Agriculture
Under the with existing measures scenario emissions are projected to increase by 1.9% over the 2020-2030 period. A methane emissions reduction of almost 30% is required to achieve a 22% reduction in Agriculture emissions compared to 2018, as committed to in the 2021 Climate Action Plan. The sector must clearly set out how this will be achieved to address uncertainty regarding its ability to deliver even the lower end of the range of its sectoral targets within the ever-shortening time-frame to 2030.

Transport
The end of COVID travel restrictions is projected to result in transport emissions increasing by 18-19 per cent from 2020 to 2022. Emissions from the sector are projected to reduce to 39 per cent below 2018 levels by 2030 if the additional measures set out in plans and policies are implemented. These include over 940,000 electric vehicles on the road by 2030, increased biofuel blend rates and measures to support more sustainable transport.

Energy
Increased coal use from 2021, as a result of unavailability of sufficient gas-fired generation to meet growing energy demand, followed by changes in relative fuel price threatens to undo some of the good work done over recent years and negatively impact achievement of National targets, particularly for the first carbon budget period. Despite this, increased renewable energy generation, if delivered as planned, can reduce Energy Industry emissions by 10% per annum from 2021-30, achieving up to 78% renewable electricity generation by 2030.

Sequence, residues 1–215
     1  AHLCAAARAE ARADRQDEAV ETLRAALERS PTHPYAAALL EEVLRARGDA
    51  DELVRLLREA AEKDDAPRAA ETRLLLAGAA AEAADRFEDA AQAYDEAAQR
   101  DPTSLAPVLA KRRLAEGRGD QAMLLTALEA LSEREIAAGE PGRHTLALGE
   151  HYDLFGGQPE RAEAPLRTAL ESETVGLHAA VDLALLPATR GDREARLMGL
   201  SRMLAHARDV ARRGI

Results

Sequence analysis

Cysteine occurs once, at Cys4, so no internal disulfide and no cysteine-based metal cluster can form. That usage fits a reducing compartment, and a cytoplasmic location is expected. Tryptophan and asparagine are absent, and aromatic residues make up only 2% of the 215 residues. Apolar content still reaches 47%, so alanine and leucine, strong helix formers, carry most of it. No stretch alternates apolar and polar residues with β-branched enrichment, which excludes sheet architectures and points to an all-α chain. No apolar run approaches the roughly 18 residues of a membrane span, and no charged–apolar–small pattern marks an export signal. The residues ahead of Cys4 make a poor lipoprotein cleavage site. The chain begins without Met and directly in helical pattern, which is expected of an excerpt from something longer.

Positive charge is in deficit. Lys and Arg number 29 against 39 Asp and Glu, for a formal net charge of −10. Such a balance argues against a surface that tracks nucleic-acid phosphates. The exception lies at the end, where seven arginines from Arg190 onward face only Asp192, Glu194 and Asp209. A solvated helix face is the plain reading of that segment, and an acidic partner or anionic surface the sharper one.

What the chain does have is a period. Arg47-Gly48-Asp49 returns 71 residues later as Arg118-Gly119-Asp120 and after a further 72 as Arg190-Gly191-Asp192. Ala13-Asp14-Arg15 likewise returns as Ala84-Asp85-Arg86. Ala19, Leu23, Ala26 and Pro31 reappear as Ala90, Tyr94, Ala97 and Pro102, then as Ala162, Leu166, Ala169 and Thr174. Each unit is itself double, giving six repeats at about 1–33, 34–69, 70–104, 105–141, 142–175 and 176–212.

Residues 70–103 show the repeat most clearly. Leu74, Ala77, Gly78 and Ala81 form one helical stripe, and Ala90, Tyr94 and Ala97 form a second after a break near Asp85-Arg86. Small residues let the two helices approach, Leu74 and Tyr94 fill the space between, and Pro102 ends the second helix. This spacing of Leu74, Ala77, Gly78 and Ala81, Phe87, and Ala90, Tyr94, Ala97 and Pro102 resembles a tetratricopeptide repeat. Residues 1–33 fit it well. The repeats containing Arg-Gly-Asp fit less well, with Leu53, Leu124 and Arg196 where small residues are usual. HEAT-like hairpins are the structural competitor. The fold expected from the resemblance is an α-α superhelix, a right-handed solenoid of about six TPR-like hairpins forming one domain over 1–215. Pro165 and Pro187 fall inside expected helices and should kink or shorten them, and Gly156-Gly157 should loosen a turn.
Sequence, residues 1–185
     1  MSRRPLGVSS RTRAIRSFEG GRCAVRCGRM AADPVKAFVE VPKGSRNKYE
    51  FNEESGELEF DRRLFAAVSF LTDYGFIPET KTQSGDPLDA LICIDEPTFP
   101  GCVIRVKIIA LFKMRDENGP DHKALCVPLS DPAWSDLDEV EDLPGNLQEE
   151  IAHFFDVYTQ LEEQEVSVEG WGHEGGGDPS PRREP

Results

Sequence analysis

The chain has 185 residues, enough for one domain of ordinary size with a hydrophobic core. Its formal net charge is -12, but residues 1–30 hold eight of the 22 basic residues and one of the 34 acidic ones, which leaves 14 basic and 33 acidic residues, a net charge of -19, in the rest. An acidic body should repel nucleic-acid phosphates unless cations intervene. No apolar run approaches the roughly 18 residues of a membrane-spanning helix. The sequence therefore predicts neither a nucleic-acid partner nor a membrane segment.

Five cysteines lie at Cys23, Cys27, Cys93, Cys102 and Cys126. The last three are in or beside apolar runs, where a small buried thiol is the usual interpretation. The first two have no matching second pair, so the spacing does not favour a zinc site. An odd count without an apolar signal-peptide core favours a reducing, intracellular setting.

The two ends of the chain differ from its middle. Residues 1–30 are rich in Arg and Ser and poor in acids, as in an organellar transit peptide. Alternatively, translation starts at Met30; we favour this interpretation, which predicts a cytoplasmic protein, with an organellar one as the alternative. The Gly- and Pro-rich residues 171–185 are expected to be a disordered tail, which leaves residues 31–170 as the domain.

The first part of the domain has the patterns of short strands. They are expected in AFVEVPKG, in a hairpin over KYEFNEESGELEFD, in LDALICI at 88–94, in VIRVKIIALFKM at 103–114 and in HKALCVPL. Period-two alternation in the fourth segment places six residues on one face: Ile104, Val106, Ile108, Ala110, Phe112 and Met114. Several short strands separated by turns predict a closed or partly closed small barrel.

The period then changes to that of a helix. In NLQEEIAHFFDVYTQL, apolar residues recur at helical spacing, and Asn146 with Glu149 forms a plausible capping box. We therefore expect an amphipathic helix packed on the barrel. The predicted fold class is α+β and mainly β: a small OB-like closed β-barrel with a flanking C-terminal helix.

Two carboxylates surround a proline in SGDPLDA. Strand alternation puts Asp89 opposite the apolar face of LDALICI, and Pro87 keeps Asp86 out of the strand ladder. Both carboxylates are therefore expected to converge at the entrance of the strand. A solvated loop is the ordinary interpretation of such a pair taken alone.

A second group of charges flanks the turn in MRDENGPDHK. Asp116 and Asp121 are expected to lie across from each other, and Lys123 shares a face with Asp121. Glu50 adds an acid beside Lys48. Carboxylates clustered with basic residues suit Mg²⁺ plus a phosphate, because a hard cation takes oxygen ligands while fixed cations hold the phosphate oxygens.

Home Heating
Spending more time at home due to home/office hybrid working and the increasing cost of fossil fuels has highlighted a need for improvements in home heating efficiency and better insulation. Current implemented policies and measures can only deliver a 24% reduction in emissions from this sector by 2030. This highlights the need for implementation of the additional policies and measures such as those in the Climate Action Plan, which include the installation of 680,000 heat-pumps by 2030 as well as retrofitting 500,000 homes. These are projected to achieve a 41.5% reduction in residential emissions in 2030 compared to 2018.

Commenting, Mr Stephen Treacy, (Senior Manager, EPA) said: “The message from the authors of the recent IPCC report on climate mitigation was clear – it’s now or never, if we want to limit global warming to 1.5 degrees Celsius. Without immediate and deep emissions reductions across all sectors, it will be impossible. In Ireland, implementation of measures has consistently lagged far behind planning. It is important that all planned actions are implemented as soon as possible while, in parallel, identifying actions to address the remaining gap to meet carbon budget limits”.
See full detail on the Greenhouse Gas Emission Projections 2021 to 2040 HERE and EPA Greenhouse Gas web resource on the EPA website HERE.